By Maria Saporta
As a lover of transit — especially rail — my heart has been broken repeatedly by the unrealized opportunities metro Atlanta has had over several decades.
The reasons are many. Lack of state and regional funding for the capital expansion of transit in metro Atlanta. Anemic efforts to secure federal dollars for capital expansion. And having our major transit system, MARTA, being out of the capital expansion business for more than two decades.
A major problem is that in addition to MARTA, we have multiple agencies – Atlanta Regional Commission, The ATL (Atlanta-Region Transit Link Authority), the Georgia Regional Transportation Authority and the State Road and Tollway Authority competing for limited federal dollars and minimal state funding. Plus, the Georgia Department of Transportation has pretty much-ignored transit spending in metro Atlanta.
This regional ineptness will be addressed in a future column.
But my latest heartbreak has come from the scaling back of plans to be funded by the More MARTA half-penny sales tax passed in 2016.
According to a schedule MARTA released at the March 1 Atlanta City Council Transportation Committee meeting, there’s now a list of nine projects expected to be completed by 2028. And only one project is slated to be rail – the extension of the Atlanta Streetcar connecting to the Atlanta BeltLine and continuing on to Ponce City Market.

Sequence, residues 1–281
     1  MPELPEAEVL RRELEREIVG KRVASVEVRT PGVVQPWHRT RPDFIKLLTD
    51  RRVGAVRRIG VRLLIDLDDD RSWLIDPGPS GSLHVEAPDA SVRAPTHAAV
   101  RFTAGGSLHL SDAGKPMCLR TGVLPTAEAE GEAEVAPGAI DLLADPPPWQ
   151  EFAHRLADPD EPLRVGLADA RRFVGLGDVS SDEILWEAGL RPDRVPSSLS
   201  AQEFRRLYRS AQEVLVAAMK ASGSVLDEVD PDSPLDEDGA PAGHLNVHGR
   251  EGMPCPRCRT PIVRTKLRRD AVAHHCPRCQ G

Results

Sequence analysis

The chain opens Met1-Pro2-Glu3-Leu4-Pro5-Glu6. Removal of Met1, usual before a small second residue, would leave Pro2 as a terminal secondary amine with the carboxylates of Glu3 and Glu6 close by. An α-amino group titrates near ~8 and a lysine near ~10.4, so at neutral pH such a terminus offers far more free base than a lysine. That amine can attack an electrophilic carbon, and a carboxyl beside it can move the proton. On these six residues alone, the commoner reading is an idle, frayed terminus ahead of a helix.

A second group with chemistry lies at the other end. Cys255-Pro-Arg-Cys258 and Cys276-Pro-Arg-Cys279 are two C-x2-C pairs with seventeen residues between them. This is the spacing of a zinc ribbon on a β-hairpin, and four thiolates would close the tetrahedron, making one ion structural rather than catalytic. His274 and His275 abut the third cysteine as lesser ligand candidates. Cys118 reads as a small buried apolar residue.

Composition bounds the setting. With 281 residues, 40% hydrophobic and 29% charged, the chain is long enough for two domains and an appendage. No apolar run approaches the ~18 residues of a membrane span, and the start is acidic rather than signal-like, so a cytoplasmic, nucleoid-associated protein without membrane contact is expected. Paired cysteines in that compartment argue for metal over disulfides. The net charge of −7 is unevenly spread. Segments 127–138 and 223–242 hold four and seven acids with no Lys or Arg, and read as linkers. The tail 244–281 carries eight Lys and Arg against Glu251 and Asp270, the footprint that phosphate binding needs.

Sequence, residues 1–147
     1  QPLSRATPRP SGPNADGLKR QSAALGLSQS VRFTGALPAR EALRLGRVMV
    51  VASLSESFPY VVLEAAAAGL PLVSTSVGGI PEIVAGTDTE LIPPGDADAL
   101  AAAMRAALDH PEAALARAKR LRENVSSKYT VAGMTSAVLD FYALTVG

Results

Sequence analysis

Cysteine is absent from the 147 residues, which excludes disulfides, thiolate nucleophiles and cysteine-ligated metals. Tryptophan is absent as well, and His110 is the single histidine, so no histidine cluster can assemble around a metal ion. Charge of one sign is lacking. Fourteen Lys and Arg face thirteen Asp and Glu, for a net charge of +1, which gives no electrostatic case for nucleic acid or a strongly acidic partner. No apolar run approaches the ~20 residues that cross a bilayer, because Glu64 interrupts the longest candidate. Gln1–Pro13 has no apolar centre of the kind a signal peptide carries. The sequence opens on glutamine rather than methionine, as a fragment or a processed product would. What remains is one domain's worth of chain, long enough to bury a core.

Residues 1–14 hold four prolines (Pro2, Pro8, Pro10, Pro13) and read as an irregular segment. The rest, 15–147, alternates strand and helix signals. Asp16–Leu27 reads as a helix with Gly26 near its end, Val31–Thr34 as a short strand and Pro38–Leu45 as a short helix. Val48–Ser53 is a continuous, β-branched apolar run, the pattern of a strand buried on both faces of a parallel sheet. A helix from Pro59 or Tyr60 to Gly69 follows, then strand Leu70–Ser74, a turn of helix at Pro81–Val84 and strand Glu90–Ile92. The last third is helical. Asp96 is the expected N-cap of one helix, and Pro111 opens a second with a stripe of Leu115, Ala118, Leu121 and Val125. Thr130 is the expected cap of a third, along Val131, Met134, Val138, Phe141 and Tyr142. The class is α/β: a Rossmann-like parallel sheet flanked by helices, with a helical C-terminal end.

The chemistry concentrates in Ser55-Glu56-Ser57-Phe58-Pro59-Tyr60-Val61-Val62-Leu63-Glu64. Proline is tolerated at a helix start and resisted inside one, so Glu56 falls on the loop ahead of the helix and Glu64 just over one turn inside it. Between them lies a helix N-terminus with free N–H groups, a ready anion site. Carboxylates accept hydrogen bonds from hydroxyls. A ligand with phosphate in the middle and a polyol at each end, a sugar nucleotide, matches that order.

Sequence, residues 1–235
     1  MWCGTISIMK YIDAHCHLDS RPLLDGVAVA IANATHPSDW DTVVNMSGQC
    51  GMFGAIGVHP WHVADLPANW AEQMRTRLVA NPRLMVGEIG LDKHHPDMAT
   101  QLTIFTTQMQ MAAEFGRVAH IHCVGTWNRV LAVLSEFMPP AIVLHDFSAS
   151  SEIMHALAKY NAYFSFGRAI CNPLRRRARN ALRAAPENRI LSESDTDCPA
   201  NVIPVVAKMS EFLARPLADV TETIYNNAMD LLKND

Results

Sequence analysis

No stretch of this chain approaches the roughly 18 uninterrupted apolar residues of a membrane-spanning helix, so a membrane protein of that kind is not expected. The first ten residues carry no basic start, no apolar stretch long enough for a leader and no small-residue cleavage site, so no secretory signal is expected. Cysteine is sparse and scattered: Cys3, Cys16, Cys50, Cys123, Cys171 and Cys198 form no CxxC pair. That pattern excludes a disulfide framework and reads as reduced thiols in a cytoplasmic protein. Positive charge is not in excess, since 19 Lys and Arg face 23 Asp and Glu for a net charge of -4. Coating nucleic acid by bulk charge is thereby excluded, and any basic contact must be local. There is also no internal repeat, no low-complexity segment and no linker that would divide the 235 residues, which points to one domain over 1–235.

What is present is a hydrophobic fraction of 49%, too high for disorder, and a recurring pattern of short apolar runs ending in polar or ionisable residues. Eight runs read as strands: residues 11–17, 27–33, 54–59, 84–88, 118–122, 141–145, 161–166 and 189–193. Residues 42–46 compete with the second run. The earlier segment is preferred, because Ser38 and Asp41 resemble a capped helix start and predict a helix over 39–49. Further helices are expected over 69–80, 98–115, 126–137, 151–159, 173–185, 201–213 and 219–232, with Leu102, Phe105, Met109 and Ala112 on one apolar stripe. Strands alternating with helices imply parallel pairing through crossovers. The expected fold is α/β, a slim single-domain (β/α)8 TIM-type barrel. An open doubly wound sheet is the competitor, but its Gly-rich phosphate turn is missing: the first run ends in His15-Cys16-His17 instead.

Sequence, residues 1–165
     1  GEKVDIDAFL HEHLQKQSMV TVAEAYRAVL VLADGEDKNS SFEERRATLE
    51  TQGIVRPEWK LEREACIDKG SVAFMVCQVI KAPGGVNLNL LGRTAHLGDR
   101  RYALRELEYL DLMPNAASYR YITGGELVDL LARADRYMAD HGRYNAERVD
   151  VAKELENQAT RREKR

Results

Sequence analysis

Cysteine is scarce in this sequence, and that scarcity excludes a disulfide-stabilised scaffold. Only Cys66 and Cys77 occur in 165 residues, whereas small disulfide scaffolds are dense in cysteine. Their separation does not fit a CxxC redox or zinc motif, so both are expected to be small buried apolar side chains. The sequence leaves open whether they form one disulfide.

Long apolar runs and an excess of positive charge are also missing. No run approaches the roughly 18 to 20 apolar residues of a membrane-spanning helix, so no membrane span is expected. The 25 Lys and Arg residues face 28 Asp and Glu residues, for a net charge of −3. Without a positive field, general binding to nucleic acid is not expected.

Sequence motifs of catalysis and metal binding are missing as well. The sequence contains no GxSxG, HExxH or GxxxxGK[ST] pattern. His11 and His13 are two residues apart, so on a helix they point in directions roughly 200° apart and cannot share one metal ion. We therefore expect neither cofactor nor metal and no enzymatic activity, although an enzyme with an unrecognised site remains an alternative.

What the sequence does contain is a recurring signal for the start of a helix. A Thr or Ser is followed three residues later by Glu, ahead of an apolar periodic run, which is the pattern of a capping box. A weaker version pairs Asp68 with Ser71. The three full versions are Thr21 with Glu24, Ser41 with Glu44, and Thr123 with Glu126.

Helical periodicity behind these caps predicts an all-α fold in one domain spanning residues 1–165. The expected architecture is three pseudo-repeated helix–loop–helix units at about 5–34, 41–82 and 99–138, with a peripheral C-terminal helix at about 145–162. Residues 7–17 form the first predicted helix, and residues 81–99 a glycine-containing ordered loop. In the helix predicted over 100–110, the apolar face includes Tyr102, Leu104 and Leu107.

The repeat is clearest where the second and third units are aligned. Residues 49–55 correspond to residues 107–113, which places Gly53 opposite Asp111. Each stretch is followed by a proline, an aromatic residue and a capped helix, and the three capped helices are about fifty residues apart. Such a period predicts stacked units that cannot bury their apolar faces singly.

That list has been pared down from 17 projects in 2018 and from as many as 70 in 2016.
Several transit lines once promised to be light rail (LRT) – namely Campbellton Road and Clifton Corridor – have now been scaled down to bus rapid transit (BRT) because of costs and expediency. (See charts at the end of this column).
That’s not all.
Of the $394.8 million collected thus far from the More MARTA sales tax, $180.7 million, or about 46 percent, has been spent on bus operations and enhancements leaving fewer dollars for capital expansion.
In fact, MARTA had projected that over the life of the More MARTA tax until 2032, $2.4 billion would be raised, and only $238 million, or 10 percent, would have been spent on bus enhancements.
Several councilmembers – Amir Farokhi, Marci Overstreet, Keisha Sean Waites, Antonio Lewis and Matt Westmoreland among others – questioned MARTA on how it has spent its money so far, whether the sequencing of projects was equitable, who was holding the agency accountable, and if the scaling back of plans would cause the public to lose trust.
City Council President Doug Shipman was especially direct in his questioning of Collie Greenwood, MARTA’s general manager, over the amount of money spent so far on bus enhancements.
“I believe there should be a return of some, if not most, of the money that was spent on bus operations and expansions back to the More MARTA capital funding pool,” Shipman said in an interview over the weekend.
Atlanta Mayor Andre Dickens also is taking MARTA to task.
“It’s important for me, the City Council and the public to say: ‘MARTA, we want to see projects delivered. We want to see Campbellton Road BRT completed soon. We want to see the Summerhill BRT, completed soon. We want to see Metropolitan and Cleveland Avenue projects completed, and we want to see these things done on time and on budget,’” Dickens said in an interview on March 3.